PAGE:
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Father Edward J. Vattmann was a retired U.S. Army chaplain who lived at 1733 Lake Avenue in Wilmette. Active in local affairs, he was a familiar and well-loved figure around the village. His close friend, Theodore Roosevelt, was known to pay a visit to him at that house on occasion. During World War I, Father Vattmann came out of retirement to serve at Fort Sheridan.
Today was our last day to enjoy the company and the enormous help of one of our favorite people in the world: Kate Ranshaw, who has been volunteering with the Historical Museum since 2012.
A guest blog post by Jane Textor, the Museum's Costume Curator:
Our current exhibit on the 1960s gave me the opportunity to display one of my favorite pieces housed here at the museum; a dress made of paper! It has vivid colors, a psychedelic print, and it was worn right here in Wilmette.
For 100 years and more, the Woman's Club of Wilmette at Tenth and Greenleaf has been a center of community life. On February 17, 2015, our village sustained a terrible loss when fire destroyed much of that historic and still vital building. The clubhouse, with its distinctive facing of Lannon limestone from Wisconsin, was built in 1929, incorporating a smaller building erected in 1912.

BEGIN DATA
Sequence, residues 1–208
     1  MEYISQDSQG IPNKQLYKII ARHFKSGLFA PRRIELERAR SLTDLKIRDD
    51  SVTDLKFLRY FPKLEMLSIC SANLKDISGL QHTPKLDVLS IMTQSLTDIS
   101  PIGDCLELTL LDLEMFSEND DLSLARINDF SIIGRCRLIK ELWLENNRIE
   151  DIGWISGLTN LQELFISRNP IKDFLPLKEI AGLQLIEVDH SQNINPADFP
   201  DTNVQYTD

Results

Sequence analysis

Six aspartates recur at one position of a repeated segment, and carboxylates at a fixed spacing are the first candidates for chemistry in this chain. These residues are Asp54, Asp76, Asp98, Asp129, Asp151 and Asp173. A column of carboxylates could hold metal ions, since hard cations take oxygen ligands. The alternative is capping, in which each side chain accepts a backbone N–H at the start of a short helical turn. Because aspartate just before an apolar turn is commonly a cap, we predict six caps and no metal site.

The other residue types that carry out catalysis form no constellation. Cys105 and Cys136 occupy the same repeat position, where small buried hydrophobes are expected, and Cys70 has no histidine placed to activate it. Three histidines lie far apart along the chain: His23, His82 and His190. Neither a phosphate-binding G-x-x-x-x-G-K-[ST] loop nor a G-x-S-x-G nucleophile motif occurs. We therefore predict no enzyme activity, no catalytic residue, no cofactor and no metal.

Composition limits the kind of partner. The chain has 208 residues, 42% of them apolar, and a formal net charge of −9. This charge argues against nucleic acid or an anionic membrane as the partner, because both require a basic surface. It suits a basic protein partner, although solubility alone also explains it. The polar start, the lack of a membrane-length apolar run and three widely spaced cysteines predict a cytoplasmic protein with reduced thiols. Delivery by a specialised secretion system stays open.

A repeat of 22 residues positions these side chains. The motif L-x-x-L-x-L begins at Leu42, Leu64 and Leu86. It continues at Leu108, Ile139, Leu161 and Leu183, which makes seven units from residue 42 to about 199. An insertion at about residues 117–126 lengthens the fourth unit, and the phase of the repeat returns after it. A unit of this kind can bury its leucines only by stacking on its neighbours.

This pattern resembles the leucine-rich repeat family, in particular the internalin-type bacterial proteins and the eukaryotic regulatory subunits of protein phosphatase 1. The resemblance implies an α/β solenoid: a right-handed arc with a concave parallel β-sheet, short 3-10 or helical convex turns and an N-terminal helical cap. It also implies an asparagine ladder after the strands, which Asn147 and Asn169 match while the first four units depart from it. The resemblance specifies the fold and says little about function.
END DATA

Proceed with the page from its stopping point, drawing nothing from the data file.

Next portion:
The earliest Wilmette blizzard for which we have good records hit the village on Saturday, January 5, 1918, and even old-timers couldn't remember a worse one. Snow fell for thirty continuous hours, as powerful winds whipped up huge eight-foot snowdrifts that blanketed the whole community. All traffic shut down, and most people had no choice but to stay home. An emergency call went out for me